Friday, November 14, 2014

Infinite Power, Infinite Compassion

Etching by Chaim Koppelman
It is the prerogative of great strength to be gentle. Always remember that you are linked with the Infinite God, and that all things are possible to you. There must also be infinite pity. We must be tolerant and pitiful to those who abuse us, or have been embittered by disappointment, or have been ill-used.

It must be our aim to make allowances for such, and always to be sweetly reasonable towards any brusqueness, rudeness and bad manners of their behaviour. Let us be willing to admit that much is due to congenital moroseness. Therefore, we bear gently with the erring, and with those who are out of the way, because we also are encompassed with infirmity.

F B Meyer

Sunday, November 9, 2014

Deeds and Deep Knowledge

Photo by Steve Evans
This is from T. Austin Sparks, an author I'm reading right now. I like his intense devotion to God's will, something I also get from Oswald Chambers' writings.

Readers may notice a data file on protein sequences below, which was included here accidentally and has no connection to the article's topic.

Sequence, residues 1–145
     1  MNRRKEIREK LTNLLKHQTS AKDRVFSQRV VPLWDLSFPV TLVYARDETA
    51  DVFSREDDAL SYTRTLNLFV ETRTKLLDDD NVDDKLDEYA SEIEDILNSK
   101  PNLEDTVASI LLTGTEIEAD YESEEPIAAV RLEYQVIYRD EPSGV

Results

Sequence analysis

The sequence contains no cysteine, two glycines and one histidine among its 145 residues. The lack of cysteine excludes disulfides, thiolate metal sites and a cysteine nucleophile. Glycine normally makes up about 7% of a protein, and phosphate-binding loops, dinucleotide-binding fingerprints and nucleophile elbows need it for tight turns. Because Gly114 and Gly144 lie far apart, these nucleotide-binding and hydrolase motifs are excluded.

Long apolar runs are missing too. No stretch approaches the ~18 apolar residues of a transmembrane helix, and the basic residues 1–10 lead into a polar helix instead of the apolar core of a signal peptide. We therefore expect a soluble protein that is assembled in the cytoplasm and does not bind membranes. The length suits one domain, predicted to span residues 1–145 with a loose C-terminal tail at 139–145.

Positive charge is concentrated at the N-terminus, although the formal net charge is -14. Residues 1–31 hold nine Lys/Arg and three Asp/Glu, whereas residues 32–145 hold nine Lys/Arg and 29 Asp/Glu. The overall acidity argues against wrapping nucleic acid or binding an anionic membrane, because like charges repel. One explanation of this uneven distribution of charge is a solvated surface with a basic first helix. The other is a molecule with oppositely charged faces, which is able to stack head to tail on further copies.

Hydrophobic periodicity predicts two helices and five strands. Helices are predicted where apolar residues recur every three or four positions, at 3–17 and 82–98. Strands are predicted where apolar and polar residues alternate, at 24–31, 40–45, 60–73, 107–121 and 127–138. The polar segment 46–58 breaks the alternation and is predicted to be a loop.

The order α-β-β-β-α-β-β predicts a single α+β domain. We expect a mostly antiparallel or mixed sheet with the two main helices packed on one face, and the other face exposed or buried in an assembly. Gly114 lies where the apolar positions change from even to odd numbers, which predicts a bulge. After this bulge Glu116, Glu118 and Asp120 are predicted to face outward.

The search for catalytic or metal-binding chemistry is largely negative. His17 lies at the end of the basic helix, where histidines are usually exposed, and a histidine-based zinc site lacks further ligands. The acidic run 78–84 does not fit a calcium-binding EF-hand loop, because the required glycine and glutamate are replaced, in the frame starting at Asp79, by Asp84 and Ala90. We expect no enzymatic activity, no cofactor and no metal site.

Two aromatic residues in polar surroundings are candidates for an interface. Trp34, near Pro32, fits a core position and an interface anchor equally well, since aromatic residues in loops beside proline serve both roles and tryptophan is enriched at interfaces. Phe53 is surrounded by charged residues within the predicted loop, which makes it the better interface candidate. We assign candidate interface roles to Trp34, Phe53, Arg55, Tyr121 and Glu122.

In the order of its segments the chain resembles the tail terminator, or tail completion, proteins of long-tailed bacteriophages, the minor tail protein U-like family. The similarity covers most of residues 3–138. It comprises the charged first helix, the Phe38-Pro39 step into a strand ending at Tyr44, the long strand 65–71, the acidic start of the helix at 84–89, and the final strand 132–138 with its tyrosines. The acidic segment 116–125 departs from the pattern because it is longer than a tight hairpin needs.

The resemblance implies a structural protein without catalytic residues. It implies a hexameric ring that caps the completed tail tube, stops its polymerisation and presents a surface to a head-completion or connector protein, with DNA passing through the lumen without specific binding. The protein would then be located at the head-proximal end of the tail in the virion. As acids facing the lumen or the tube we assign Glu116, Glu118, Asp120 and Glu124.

What was the one thing the prophets were always talking about? It was about knowing the Lord. The thing that was lacking amongst the Lord's people in the days of the prophets was the knowledge of the Lord. There were plenty of people who were prepared to have the Lord for what He could do for them, but as for the Lord Himself... ah, that was another matter.

What is the Lord after with you and with me? Is He first of all wanting us to do things? The idea of what is of God today is chiefly associated with the things which are being done for Him, the work we are engaged in, and so on—that is, with what is objective and outward. But the Lord is not first of all concerned about how much we do.